Madaline H. Logan, ’22, gives a time
I ly survey of a brand of journalism not
well known or thought of by many writ
ers. This is the wide and profitable
field of home economies. There is food
for much thought in it for women jour
! Prof. George Turnbull’s editorial
notes are brief and to the point as
usual. He writes on timeliest topics
of interest to newspaper men, which
are the coming conference, the Astoria
journalism spirit, the directory, new
kinds of headlines used by leading
papers and an admonition not to for
get the dates of the conference.
Live news notes from all over Oregon
fill the back pages of the issue and
complete a magazine for all newspaper
men in the state.
THE HOTTENTOT AT HEX
A picture challenge to every comedy
special ever screened, is the audacious
proclamation of “The Hottentot.” the
Thomas H Ince picturization of the
famous stage farce comedy that
brought, fame and fortune to Willie
Collier and which opens today, for two
days at the Rex. A brilliant cast led
by Douglas MaeLean, Madge Bellamy
and Raymond Hatton, enact the stellar
roles with a dash and fire that out
shadows anything yet seen upon the j
•farce field. «
The story centers around the mirth
filled escapades of Sam Harrington,
who for the love of the fair maiden
is caught in the web of his own brag
“Oh! Yes indeed her little boy
is so much better off away from
her—she would be such a bad
influence, you know—that im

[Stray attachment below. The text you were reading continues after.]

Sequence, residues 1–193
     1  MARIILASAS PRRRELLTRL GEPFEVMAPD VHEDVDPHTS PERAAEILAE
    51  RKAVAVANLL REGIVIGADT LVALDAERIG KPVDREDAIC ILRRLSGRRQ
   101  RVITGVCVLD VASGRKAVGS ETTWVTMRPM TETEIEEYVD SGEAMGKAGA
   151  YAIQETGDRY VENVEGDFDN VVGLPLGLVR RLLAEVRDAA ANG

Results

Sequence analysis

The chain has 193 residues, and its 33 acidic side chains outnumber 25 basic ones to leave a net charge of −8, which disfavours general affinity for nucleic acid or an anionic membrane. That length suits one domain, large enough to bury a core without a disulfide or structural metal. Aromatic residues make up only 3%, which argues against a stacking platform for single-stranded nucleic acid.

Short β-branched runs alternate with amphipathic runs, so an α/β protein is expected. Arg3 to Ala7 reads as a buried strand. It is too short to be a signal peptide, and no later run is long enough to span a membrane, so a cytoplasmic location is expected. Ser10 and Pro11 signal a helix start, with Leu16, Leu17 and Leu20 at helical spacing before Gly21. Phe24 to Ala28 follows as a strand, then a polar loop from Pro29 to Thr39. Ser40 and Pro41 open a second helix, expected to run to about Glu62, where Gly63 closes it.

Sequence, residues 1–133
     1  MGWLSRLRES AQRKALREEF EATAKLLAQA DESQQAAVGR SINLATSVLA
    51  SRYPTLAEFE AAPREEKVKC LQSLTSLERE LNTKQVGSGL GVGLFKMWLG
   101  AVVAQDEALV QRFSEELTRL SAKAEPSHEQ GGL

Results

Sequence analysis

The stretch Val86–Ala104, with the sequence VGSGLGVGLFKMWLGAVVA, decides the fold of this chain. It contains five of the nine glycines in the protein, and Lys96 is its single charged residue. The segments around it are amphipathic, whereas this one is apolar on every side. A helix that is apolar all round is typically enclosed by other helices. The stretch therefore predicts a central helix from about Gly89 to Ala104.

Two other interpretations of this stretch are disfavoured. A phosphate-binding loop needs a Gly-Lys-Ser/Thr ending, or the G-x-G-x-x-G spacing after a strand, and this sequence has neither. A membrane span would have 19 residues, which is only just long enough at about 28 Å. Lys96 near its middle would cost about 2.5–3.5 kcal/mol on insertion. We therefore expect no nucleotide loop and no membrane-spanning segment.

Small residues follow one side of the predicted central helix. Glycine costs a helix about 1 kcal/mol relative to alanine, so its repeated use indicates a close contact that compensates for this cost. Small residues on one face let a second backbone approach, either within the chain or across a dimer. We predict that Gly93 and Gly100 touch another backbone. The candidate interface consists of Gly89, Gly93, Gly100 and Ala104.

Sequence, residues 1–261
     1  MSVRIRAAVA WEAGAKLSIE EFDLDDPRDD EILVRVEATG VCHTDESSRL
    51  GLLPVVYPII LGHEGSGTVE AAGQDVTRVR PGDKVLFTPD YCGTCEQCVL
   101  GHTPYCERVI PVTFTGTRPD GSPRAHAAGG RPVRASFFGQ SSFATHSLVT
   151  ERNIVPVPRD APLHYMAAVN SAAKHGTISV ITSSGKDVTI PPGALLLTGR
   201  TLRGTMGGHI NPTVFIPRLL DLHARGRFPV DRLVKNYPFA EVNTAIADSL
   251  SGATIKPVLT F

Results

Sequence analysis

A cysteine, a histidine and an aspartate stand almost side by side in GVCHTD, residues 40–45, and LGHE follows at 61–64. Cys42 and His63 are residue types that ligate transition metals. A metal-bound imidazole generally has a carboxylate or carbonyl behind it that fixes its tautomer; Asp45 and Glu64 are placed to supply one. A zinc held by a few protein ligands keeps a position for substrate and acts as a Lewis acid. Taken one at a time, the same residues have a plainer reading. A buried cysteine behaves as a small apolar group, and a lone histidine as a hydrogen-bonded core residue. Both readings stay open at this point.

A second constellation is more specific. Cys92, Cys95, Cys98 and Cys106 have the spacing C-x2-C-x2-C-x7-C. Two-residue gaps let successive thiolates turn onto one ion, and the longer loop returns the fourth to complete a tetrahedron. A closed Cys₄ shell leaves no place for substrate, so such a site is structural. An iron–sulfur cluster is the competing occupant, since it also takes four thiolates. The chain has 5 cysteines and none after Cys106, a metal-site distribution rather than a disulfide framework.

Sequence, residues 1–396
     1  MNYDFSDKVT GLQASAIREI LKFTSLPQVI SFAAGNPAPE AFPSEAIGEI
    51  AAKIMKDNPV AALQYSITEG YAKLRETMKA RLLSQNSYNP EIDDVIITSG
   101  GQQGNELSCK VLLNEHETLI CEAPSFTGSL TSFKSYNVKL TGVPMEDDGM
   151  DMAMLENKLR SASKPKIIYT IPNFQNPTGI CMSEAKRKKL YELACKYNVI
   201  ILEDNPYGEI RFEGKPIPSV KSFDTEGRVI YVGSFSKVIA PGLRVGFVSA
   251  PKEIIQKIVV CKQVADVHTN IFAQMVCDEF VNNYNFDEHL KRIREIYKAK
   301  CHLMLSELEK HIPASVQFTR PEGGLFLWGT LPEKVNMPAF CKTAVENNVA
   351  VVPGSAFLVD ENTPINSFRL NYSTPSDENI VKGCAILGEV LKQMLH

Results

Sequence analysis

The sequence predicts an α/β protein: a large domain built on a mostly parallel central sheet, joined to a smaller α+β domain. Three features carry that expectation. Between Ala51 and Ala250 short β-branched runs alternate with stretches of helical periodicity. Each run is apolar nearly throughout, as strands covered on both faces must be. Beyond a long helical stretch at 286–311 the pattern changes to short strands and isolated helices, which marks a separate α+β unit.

possible Mrs. Bellew.’’
WATER ONCE COVERED
TOWN SITE OF EOCENE
: Geological Research Made by
When old-timers get together and
i tell when tSugene was a ‘regular river
during the flood,’ they little realize
how near the truth they are. Geologi
! cal investigations show that the pre
1 sent site of the town was once covered
! with water. In the down-town district !
| on Sixth avenue, logs buried very few
I feet in the ground have been discover
ed. Driftwood that is found in rivers
is imbedded in sand and gravel below
the surface deposits.
The first settlers heard the Indians
tell how their grandfathers canoed from
the Coburg hills to Eugene and to the .
Coast range. This is not improbable,!
according to Hubert Schenck, assistant j
in geology. The Willamette is con-,
stantly shifting back and forth. The:
stream has changed its course material
ly and recently, he pointed out.
Old citizens recount of the good old
days when floods were bigger than they
are now. Once the business district
was under water, they say.
S. Smeede states there was a flood
in 1881 “that was a flood!” Brush and
timber jammed the banks and kept
back the surging water to some extent
is his statement.
Dr. William Kuykendall recalls the
overflows of the winter of ’90 and '91
and of 1900.
“The water was very high, at least j